Meet Intel's Grantley Platform
In addition to its new Haswell-EP-based CPUs, there's a lot more to Intel's Grantley platform. We were given the following quick reference guide, which covers the basics:
There are a number of evolutionary changes to account for, but perhaps the biggest is Grantley's memory support. Four generations of server platforms dating back to Nehalem-EP utilized DDR3 RAM, and we've seen efforts to further tweak that standard for lower power use or greater density. Registered DDR4 DIMMs successfully achieve those improvements, additionally increasing throughput per channel.
Servers are often loaded up with RAM to handle more VMs or even to expand the space available for in-memory storage applications like memcached or redis. This typically requires more DIMMs per memory channel, imposing penalties on the peak data rate you're able to hit. DDR4 is designed to accommodate more DIMMs in a configuration without the performance penalty suffered by DDR3. And because it operates on a lower input voltage than even DDR3L, energy efficiency is built-in to the spec.
Of course, memory support is a product of the CPU's integrated memory controller. But not all system functions are built into Intel's processors yet. You still need a platform controller hub for a lot of the peripheral connectivity and I/O. The Wellsburg PCH, much like the already-reviewed X99 Express, exposes 10 SATA 6Gb/s ports. That's a significant upgrade to the Xeon E5-2600 v1 and v2 platform, where the focus was on adding optional SAS connectivity. Intel is clearly taking a different tact to coincide with the introduction of its NVMe-based SSDs. We're plenty happy with expanded SATA support, which is great for low-cost SSDs and traditional mechanical disks. High-performance storage is moving to the PCIe bus.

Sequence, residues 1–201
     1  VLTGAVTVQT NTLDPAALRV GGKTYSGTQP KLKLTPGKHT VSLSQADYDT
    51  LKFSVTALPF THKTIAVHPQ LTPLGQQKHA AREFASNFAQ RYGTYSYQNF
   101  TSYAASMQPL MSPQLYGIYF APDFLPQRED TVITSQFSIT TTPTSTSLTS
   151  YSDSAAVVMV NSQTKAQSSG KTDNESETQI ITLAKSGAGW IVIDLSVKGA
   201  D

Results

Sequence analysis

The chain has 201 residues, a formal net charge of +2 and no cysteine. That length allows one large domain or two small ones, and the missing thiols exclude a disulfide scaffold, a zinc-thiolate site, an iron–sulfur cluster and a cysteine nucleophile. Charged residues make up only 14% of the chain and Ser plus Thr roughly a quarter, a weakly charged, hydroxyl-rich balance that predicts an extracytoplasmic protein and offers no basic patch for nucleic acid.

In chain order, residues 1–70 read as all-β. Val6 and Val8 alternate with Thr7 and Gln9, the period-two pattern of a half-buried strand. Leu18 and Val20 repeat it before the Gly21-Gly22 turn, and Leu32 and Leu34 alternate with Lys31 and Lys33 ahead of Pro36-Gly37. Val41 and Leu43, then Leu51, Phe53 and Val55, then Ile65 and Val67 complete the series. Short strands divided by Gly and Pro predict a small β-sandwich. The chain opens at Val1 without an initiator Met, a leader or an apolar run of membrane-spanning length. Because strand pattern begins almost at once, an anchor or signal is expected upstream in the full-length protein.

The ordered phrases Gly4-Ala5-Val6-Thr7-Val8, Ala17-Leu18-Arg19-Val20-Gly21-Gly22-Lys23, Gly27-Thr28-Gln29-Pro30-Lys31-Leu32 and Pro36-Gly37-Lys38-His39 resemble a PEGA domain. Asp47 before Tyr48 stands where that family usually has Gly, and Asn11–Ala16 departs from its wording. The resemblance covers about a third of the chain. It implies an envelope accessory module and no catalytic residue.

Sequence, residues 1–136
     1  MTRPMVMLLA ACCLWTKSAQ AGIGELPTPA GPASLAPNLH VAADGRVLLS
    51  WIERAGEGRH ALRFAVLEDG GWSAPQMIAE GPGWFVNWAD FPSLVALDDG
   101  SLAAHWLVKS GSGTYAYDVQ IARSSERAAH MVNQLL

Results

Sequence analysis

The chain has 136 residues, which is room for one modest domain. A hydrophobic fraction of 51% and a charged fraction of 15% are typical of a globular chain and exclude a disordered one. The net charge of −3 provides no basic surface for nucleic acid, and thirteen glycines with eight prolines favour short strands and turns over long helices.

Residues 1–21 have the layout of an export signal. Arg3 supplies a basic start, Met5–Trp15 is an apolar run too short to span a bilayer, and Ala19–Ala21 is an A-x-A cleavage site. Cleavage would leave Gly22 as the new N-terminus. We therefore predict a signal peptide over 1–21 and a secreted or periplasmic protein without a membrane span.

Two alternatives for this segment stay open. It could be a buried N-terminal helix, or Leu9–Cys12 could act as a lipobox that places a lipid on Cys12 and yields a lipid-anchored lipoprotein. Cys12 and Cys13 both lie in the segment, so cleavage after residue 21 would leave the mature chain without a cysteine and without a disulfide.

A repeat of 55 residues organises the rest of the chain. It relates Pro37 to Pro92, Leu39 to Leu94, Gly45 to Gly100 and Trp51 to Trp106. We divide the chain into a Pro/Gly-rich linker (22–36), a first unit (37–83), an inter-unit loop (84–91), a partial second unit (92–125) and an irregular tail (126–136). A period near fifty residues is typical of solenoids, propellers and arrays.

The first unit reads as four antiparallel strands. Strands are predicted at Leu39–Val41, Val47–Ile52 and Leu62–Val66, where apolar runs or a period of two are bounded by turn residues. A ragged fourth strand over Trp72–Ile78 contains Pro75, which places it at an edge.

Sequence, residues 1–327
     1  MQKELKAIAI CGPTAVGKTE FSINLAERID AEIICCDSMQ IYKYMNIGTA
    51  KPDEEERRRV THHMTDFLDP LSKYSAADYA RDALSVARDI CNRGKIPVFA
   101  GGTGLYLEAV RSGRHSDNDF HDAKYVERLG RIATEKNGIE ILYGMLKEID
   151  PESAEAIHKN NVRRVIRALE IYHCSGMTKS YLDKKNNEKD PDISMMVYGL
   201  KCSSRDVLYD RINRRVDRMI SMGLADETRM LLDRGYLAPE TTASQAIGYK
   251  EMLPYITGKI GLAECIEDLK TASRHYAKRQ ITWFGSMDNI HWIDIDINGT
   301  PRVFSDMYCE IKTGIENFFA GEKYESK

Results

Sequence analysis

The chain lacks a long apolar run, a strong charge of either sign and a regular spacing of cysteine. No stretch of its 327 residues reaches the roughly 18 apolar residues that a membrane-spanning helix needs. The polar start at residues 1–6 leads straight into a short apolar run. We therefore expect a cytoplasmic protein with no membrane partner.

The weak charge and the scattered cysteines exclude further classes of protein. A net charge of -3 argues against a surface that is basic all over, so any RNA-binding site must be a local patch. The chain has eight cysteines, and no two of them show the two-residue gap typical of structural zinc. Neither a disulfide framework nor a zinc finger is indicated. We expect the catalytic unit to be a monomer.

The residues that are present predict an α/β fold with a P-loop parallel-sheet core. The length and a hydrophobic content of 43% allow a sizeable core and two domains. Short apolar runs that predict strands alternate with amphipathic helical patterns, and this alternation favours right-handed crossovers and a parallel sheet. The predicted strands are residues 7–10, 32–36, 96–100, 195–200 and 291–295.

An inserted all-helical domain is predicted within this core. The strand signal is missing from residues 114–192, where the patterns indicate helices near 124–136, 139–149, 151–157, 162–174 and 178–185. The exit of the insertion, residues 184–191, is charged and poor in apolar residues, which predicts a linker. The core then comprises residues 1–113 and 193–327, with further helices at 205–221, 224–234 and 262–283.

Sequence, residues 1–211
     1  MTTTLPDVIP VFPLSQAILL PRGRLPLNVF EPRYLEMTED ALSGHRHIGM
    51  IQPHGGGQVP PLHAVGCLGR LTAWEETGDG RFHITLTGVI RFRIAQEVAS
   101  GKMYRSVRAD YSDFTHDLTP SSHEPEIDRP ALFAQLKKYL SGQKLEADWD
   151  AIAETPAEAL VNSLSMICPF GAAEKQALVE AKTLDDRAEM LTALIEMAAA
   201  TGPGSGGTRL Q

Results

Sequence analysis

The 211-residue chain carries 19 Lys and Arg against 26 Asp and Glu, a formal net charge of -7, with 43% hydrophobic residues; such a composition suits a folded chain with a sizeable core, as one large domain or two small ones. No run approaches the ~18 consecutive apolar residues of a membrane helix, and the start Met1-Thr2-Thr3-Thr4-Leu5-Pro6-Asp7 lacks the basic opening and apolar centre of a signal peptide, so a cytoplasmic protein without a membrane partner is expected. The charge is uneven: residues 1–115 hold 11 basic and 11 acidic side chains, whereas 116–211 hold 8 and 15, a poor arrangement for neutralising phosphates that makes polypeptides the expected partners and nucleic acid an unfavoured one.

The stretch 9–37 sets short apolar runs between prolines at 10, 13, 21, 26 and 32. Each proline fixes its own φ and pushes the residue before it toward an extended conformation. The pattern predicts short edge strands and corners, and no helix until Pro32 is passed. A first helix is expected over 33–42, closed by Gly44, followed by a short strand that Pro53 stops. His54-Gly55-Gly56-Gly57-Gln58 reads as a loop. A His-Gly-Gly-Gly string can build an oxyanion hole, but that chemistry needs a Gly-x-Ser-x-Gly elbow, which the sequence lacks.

Other features include six USB 3.0 ports and eight second-gen USB connectors, useful for faster KVM cart access and accelerated boot from an internal VMware ESXi USB key installation. Several of the platforms we've seen in the lab are USB 3.0-only, in fact. That's a significant change from previous generations limited to USB 2.0.
The CPUs still enable 40 PCI Express 3.0 lanes, divisible into a number of different link configurations. This is a common feature on processors in the -EP range. With faster networking in this generation and a renewed focus on PCIe-based flash storage, all of that connectivity should go to good use.
Later in this article, I'll cover how power consumption and distribution change with Haswell-EP. The key is that, again, voltage regulation is on-package, and P-state control is more granular. As we saw on the desktop, this results in low idle power use. But unlike Haswell in its mainstream form, Haswell-EP packs up to 4.5x as many execution cores and more than five times the last-level cache. And in dual-CPU arrays, the effects of power savings are doubled per machine.
At least in my opinion, the most exciting platform change involves networking, including the 40 GbE Fortville controller...